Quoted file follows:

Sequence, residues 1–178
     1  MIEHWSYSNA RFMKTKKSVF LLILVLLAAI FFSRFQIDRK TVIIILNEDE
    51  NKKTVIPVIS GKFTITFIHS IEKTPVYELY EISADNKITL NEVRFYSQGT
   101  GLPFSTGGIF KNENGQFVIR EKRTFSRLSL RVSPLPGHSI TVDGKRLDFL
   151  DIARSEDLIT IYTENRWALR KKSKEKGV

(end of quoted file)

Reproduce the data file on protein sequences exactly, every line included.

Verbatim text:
Sequence, residues 1–178
     1  MIEHWSYSNA RFMKTKKSVF LLILVLLAAI FFSRFQIDRK TVIIILNEDE
    51  NKKTVIPVIS GKFTITFIHS IEKTPVYELY EISADNKITL NEVRFYSQGT
   101  GLPFSTGGIF KNENGQFVIR EKRTFSRLSL RVSPLPGHSI TVDGKRLDFL
   151  DIARSEDLIT IYTENRWALR KKSKEKGV